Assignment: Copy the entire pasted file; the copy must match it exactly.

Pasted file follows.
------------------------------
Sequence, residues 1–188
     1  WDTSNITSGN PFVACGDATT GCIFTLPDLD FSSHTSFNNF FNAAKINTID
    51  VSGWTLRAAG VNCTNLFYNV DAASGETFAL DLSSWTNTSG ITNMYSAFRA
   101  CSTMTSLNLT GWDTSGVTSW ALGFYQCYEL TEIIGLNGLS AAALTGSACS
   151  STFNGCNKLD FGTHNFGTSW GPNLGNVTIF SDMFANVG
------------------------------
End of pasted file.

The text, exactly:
Sequence, residues 1–188
     1  WDTSNITSGN PFVACGDATT GCIFTLPDLD FSSHTSFNNF FNAAKINTID
    51  VSGWTLRAAG VNCTNLFYNV DAASGETFAL DLSSWTNTSG ITNMYSAFRA
   101  CSTMTSLNLT GWDTSGVTSW ALGFYQCYEL TEIIGLNGLS AAALTGSACS
   151  STFNGCNKLD FGTHNFGTSW GPNLGNVTIF SDMFANVG